Novo artigo publicado na revista Ocean and Coastal Management pelo GT1.2 (Recifes e Ecossistemas Coralinos), intitulado “Impacts of a changing environment on marginal coral reefs in the Tropical Southwestern Atlantic”, de autoria de Marcelo Oliveira Soares, Sergio Rossi, Anne Rebouças Gurgel, Caroline Costa Lucas, Tallita Cruz Lopes Tavares, Beatriz Diniz, Caroline Vieira Feitosa, Emanuelle Fontenele Rabelo, Pedro Henrique Cipresso Pereira, Ruy Kenji Papa de Kikuchi, Zelinda M.A.N. Leão, Igor Cristino Silva Cruz, Pedro Bastos de Macedo Carneiro, Lorenzo Alvarez-Filip, discute os efeitos de múltiplas pressões sobre os recifes brasileiros.

Uma ampla avaliação revela que eventos de branqueamento afetaram 26 espécies nos últimos 26 anos (1994–2020). Entre 1994 e 2018 nenhuma espécie sofreu mortalidade em massa após o branqueamento. No entanto, as ondas de calor recentes e intensas de 2019 e 2020 causaram altas taxas de mortalidade em vários corais mostrando que esses recifes não são protegidos a longo prazo e nem refúgios universais. Essas mudanças e outros fatores como pesca🪝, urbanização, mineração, derramamentos de óleo, aumento da sedimentação, ondas de calor, lixo marinho, contaminação urbana, efluentes agrícolas e industriais e espécies invasoras são as pressões mais severas.

O artigo também discute a “hipótese de refúgio do recife brasileiro” a qual poderia ser parcialmente aplicada para alguns corais resistentes ao estresse durante distúrbios agudos (refúgio de curto prazo). No entanto, tal fato não garante que os recifes brasileiros devem ser assumidos como um ecossistema que servirá de refúgio contra as mudanças climáticas.

Por fim, os autores argumentam que é essencial a adoção de estratégias de gestão a nível local e global.

Acesse e compartilhe o artigo completo pelo link: https://authors.elsevier.com/a/1d9-K3RKK-qP4f

RESUMO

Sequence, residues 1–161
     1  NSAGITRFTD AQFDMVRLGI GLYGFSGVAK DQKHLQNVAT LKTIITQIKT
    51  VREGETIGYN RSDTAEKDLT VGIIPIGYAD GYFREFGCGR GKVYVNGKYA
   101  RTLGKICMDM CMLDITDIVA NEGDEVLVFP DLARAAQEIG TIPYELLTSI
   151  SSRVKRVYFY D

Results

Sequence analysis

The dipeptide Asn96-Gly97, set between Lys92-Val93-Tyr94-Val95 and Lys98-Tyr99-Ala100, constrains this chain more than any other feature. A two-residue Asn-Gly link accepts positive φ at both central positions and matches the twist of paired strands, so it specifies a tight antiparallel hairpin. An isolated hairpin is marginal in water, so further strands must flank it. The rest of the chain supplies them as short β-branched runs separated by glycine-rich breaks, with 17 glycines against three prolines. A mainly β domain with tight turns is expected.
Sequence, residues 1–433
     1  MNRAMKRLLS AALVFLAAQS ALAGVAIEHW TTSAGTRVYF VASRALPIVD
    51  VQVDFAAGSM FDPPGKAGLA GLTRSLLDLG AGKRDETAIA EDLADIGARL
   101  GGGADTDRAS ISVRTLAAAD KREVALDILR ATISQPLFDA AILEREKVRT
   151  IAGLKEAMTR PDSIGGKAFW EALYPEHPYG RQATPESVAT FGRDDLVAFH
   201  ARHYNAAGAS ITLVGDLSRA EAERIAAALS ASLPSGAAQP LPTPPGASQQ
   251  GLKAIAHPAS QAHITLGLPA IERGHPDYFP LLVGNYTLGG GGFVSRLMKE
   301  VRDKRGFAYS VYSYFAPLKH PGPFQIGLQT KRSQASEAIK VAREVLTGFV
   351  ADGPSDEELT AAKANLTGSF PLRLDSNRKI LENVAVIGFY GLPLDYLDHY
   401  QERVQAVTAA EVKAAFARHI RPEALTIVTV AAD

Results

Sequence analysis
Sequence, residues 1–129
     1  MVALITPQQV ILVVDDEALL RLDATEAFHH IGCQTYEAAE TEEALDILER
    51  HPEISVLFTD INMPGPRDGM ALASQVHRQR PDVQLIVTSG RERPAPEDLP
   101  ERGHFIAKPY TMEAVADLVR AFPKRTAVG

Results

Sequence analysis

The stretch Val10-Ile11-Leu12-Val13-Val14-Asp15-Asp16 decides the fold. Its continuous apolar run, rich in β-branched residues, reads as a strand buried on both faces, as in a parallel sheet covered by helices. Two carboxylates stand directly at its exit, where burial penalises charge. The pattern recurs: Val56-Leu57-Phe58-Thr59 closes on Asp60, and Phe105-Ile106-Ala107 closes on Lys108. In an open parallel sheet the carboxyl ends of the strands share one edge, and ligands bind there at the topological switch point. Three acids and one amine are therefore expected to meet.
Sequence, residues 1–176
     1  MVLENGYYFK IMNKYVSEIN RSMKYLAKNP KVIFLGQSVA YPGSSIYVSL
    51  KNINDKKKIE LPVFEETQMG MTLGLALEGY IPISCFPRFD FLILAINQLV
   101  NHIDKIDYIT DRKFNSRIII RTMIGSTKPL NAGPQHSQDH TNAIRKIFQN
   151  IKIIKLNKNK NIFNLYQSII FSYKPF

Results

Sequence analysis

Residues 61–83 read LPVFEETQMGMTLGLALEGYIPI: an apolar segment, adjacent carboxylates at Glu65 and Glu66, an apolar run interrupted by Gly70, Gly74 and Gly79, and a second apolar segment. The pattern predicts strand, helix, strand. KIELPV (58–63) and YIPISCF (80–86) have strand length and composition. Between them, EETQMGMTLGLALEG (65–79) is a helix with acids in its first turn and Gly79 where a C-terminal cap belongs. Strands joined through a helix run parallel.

The peculiar shallow-water reefs of the Tropical Southwestern Atlantic Ocean have thrived in conditions considered suboptimal (e.g., moderate turbidity, higher level of nutrients, and resuspension of sediments) under the optics of classical coral reefs. Recently, these marginal reefs have been hypothesized to provide climate-change refugia from natural and anthropogenic impacts; yet with little empirical evidence. Therefore, in this article we discuss the known effects of multiple pressures on the Brazilian reefs. A wide evaluation of the peer reviewed literature reported that bleaching events affected 26 species of scleractinians, hydrocorals, octocorals, and zoanthids in turbidzone reefs over the last 26 years (1994–2020) in the Tropical SW Atlantic Brazil. Between 1994 and 2018 no species suffered post-bleaching mass mortality. However, the recent and intense heatwaves of 2019 and 2020 caused higher mortality rates in several key foundation corals (e.g., Millepora alcicornis, Millepora braziliensis, and Mussismilia harttii) showing that the SW Atlantic reefs are not long-term protected and universal refuges. Moreover, other direct and indirect human pressures threaten these tropical reefs. Local and regional (e.g., pollution and fisheries) and large-scale pressures (e.g., global warming and marine heatwaves) act simultaneously on the health of these reefs, which intensifies negative species-specific impacts. We outline the occurrence of pressures that have been important factors responsible for the reduction in species richness and reef fish biomass, changing geoecological functions, altered reef composition and dominant morpho-functional groups, as well as phase shifts. Along with large-scale climatic changes, such as heatwaves, fisheries, urbanization, mining disasters, oil spills, increased sedimentation, increased warming, marine debris, contamination by domestic, agricultural, and industrial effluents, and introduction of invasive species are likely the most severe pressures on Brazilian reefs. We discuss that the “Brazilian reef refuge hypothesis” could be partially applied for some stress-tolerant massive corals during acute disturbances (short-term refuge); yet should not be assumed as a reef ecosystem-wide feature under ongoing environmental change. Therefore, we argue that it is essential to alleviate the main local and regional human impacts and to adopt resilient-based management strategies at local and global scales to protect the lowfunctional redundancy and higher endemism of these unique marginal coral reefs.

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